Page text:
Sunday, April 4th will mark my twenty-fifth Easter as a Christian. I came to Christ as an eighteen-year-old in South Carolina. That makes me forty-three. At this age and after these many years, I seem to need the same reminder every Easter. I need someone to remind me Easter means more than pastels and eggs, peeps and chocolate bunnies, tulips and warmer days. I need someone to remind me why Jesus’s resurrection matters today. This year I’m giving special thought and meditation to the presence of Jesus, which comes to us through his Easter resurrection. Because of Easter, Jesus is not only known to us as alive, crucified, and buried. but is present today, at work, and coming again. Let’s think together about how his presence makes the difference in each moment of Christian life.
The presence of Jesus infuses all the big and small moments of life with comfort, hope, courage, and promise. The moments of leaving kids at college. The moments of suffering and loss. The moments when the business plan falls flat. The moments of difficult counseling issues. The moments of loneliness, grief, disappointment, despair. In all the moments, his presence makes the difference.
Have you ever given much thought to how the presence of Jesus has become so very important to your Christian life? Or maybe how Jesus’s presence in daily life is even possible? The week leading up to Easter makes for an excellent time to meditate on questions like these. If not for the Easter resurrection, we would know not the daily, personal presence of our living, working, comforting Savior. In each of our mundane moments, we need a renewed sense of the importance and impact of his presence. In an effort to fuel our meditation this Easter week, consider with me four ways the immediate presence of Jesus makes the difference in the ordinary moments.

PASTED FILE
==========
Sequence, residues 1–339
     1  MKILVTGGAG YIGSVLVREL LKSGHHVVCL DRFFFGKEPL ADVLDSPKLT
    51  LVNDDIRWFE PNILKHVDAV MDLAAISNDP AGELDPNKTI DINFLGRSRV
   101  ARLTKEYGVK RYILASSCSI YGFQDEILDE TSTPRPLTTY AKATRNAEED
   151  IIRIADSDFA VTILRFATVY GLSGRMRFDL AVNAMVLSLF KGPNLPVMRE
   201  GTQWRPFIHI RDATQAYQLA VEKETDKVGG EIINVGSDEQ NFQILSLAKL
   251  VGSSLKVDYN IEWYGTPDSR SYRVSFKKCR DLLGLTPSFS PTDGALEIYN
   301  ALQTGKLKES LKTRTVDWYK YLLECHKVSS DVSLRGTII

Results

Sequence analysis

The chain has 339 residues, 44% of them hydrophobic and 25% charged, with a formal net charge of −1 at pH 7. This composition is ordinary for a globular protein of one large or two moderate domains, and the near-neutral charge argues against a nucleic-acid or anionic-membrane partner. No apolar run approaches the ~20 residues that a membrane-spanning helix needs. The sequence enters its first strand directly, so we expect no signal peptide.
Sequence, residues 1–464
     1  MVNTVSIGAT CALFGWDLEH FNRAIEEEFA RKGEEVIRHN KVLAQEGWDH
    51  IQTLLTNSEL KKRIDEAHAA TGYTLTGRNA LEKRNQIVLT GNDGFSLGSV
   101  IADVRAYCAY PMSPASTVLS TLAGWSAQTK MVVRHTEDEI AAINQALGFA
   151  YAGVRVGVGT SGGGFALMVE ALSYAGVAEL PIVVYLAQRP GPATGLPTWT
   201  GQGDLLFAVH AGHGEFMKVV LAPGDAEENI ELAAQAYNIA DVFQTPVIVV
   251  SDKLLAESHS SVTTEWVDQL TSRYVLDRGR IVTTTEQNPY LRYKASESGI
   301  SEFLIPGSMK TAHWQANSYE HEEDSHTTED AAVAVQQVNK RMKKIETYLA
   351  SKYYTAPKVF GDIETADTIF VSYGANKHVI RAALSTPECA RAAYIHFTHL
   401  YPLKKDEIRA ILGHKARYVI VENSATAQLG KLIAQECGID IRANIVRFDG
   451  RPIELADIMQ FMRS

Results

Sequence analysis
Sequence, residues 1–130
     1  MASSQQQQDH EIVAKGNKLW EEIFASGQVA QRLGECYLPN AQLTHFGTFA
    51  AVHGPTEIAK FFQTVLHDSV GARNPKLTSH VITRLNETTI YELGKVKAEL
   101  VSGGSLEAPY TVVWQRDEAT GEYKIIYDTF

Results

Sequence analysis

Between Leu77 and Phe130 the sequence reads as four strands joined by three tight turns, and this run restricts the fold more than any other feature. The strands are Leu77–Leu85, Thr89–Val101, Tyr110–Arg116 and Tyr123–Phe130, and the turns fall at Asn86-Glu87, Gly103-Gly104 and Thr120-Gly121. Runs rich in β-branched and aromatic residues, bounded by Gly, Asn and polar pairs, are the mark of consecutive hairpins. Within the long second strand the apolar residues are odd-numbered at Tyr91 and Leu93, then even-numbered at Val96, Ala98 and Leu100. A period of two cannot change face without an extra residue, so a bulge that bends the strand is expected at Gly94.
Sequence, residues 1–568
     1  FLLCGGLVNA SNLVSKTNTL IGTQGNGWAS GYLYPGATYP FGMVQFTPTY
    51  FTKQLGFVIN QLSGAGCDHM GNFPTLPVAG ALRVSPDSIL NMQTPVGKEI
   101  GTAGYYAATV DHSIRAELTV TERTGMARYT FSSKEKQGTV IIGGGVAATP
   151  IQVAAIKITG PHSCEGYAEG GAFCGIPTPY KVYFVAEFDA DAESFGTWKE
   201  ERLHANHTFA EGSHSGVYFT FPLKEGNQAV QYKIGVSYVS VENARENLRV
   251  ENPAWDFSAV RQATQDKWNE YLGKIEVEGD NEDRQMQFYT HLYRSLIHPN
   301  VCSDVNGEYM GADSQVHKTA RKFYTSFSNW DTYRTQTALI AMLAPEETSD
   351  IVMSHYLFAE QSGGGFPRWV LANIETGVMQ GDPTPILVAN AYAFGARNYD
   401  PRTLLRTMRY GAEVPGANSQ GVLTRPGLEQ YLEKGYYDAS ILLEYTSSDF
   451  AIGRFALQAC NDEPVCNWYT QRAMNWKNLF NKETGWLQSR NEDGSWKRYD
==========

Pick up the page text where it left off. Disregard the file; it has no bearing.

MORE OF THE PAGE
His presence is our ultimate hope in a hostile world.
Do you remember in the book of Exodus, when Moses led Israel out of bondage and through the wilderness? Not only had they suffered the utter hostility of Pharaoh’s oppression, but in every step of their journey they faced a hostile world, not much unlike the world in which we live. It was a world of hardship, temptation, struggle, failure, and danger. Moses pleaded with God for a sign of his favor on their journey. God replied, “My presence will go with you, and I will give you rest” (Exodus 33:14 ESV). Moses immediately knew the importance of God’s presence. In fact, he said in return, “If your presence will not go with me, do not bring us up from here. . . . Is it not in your going with us, so that we are distinct, I and your people, from every other people on the face of the earth?” (Exodus 33:16). Indeed it was the presence of God which made all the difference in their hostile world. And it makes all the difference in ours. By his Easter resurrection, Jesus proves himself to be our Emmanuel—God with us—forever.
His presence is our reason to get up in the morning.